This morning’s key headlines from GenerationalDynamics.com:
- Egypt’s army deposes Morsi, appoints Court head Adly Mansour
- President Obama’s Egypt statement does not use the word ‘coup’
Egypt’s army deposes Morsi, appoints Court head Adly Mansour
Adly Mansour, head of Egypt’s High Constitutional Court, now President
The army had given Egypt’s elected president Mohamed Morsi and itsMuslim Brotherhood party 48 hours to negotiate with the Tamarod(“Rebellion”), the opposition represented by massive crowds in TahrirSquare in Cairo and in cities across Egypt. When the deadline expiredon Wednesday afternoon, the army took action. It blocked all thestreets with armored personnel carriers, it shut down all thepro-Muslim Brotherhood television stations, and it issued some300 arrest warrants for Muslim Brotherhood members.
The military chief-of-staff Abdel-Fattah El-Sisi appeared on atelevised press conference and announced a “roadmap” that includes thefollowing:
- The ousting of president Mohamed Morsi.
- Suspending the constitution temporarily, until it can be changed.
- Handing power over to a new appointed president, Adly Mansour, the head of Egypt’s High Constitutional Court.
- Forming a council for “national reconciliation.”
- Revising the laws for parliamentary elections.
- Holding early presidential elections.
The army was responsible for governing Egypt for about a yearfollowing the fall of Hosni Mubarak, and it seemed pretty clear thatthey have no desire to have to govern again. At the press conference,El-Sisi gave the podium to a series of non-army officials, includingthe Coptic Orthodox patriarch and nobel Peace Prize winner MohamedElBaradei, who may yet become president of Egypt. The pressconference also included a representative of the extremely religiouslyconservative Salafist al-Nour party, who have been just as shut out byMorsi as the liberals and secularists.
The army has appointed Judge Adly Mahmoud Mansour, 67, head of Egypt’sHigh Constitutional Court (HCC) to be the interim president until newpresidential elections can be held.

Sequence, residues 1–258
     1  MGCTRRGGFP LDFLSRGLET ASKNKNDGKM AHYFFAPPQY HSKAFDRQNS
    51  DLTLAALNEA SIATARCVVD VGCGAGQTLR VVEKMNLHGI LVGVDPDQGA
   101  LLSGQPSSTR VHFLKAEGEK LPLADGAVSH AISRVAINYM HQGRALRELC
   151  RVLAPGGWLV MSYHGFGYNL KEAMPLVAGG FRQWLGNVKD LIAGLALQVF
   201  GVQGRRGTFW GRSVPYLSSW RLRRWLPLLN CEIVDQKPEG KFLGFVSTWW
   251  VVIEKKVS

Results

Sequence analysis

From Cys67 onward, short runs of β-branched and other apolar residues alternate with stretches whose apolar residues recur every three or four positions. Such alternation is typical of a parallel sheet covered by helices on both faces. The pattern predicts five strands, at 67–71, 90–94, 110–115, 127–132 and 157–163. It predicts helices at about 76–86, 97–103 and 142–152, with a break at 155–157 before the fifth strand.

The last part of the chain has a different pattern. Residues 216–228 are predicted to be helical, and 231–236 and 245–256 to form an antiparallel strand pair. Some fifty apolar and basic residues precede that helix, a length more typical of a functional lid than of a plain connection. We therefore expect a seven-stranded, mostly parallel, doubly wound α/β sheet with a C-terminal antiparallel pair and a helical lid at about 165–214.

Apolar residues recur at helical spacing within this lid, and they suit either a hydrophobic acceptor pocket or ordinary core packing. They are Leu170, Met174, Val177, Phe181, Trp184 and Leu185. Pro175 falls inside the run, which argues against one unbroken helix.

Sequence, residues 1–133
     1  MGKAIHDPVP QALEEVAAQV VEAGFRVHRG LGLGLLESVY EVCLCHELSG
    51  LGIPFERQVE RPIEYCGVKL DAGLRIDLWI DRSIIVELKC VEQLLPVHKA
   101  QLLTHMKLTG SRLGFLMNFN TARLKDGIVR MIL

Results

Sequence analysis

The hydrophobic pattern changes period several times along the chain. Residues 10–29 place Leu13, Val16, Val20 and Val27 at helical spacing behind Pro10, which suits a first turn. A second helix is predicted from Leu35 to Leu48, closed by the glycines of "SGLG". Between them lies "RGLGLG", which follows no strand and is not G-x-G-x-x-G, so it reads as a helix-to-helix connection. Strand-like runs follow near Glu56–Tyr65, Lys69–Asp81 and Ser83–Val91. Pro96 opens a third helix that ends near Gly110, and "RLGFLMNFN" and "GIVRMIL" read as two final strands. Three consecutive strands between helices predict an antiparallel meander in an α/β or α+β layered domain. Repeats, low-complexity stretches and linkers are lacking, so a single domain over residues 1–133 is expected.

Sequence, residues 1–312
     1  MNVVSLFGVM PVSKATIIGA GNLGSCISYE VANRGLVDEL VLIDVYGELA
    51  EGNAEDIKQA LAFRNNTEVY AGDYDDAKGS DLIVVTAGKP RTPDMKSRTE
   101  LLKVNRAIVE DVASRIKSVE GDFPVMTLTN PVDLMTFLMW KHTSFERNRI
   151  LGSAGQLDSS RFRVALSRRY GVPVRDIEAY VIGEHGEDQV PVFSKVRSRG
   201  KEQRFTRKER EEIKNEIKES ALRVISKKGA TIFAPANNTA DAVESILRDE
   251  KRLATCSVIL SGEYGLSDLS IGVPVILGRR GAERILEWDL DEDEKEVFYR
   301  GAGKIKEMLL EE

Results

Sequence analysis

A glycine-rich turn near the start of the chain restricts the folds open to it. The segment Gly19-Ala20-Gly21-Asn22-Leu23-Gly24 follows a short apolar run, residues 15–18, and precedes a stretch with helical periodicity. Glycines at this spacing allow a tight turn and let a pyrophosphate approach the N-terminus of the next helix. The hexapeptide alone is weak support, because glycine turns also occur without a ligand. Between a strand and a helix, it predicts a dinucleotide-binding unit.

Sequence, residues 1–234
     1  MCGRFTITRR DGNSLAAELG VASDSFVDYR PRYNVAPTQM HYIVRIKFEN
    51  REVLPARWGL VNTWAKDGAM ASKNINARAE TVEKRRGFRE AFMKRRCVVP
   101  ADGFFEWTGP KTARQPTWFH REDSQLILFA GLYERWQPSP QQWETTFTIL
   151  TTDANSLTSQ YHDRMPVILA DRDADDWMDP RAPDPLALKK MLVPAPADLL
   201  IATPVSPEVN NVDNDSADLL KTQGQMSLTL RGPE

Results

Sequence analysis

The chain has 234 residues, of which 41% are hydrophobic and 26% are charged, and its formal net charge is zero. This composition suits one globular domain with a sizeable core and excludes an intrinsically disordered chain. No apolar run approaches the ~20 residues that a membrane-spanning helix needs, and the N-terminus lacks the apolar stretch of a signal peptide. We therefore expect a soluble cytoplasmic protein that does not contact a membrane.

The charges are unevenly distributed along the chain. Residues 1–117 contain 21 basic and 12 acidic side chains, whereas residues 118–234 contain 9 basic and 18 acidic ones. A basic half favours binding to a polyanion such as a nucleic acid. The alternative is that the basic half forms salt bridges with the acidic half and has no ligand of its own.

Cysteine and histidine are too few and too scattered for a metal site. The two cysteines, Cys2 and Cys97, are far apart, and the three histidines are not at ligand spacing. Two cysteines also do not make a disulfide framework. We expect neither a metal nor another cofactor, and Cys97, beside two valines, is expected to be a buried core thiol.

The only major group that didn’t take part in the army’s pressconference was the Muslim Brotherhood. They were invited, butdeclined to attend. About 30% of Egypt’s population are MuslimBrotherhood supporters, and they are currently furious. So far, therehave only been sporadic acts of violence between the pro-Morsi andanti-Morsi groups, but it seems likely that much worse violence is tocome. Al-Ahram (Cairo) and Al-Ahram
President Obama’s Egypt statement does not use the word ‘coup’
Egypt’s army is claiming that it’s coup is not really a coup.The reasoning is that a real coup is done in secret, killingthe leader and the replacing him with the leader of the coupplotters. But what happened on Wednesday is not a coup. Itwas the army enforcing the will of the vast majority of thepeople, and then providing a roadmap to return to civilianrule within a few months.
The reason that the army is saying this kind of transparent nonsenseis that Egypt receives $1.5 billion in U.S. aid per year, and theU.S. has a strict law that aid will be terminated to any country wherethe army stages a coup against a democratically elected leader.
Everyone understands that it would be a disaster for the entireregion, including Israel, if U.S. aid to Egypt were suspended.For that reason, both Cairo and Washington are being verycareful not to use the word “coup” when describing what happenedon Wednesday.
Preside Barack Obama issued a very tough statement that didnot use the word “coup”:
The United States is monitoring the very fluidsituation in Egypt, and we believe that ultimately the future ofEgypt can only be determined by the Egyptian people. Nevertheless,we are deeply concerned by the decision of the Egyptian ArmedForces to remove President Morsy and suspend the Egyptianconstitution. I now call on the Egyptian military to move quicklyand responsibly to return full authority back to a democraticallyelected civilian government as soon as possible through aninclusive and transparent process, and to avoid any arbitraryarrests of President Morsy and his supporters. Given today’sdevelopments, I have also directed the relevant departments andagencies to review the implications under U.S. law for ourassistance to the Government of Egypt.
As of this writing, nobody seems to know where Mohamed Morsi is, andhe may have been arrested. Certainly some of his supporters have beenarrested. So one part of Obama’s statement has already been violated.
The last sentence is the most threatening. It says, in essence, thataid may be cut off if Egypt doesn’t return to civilian rule quickly.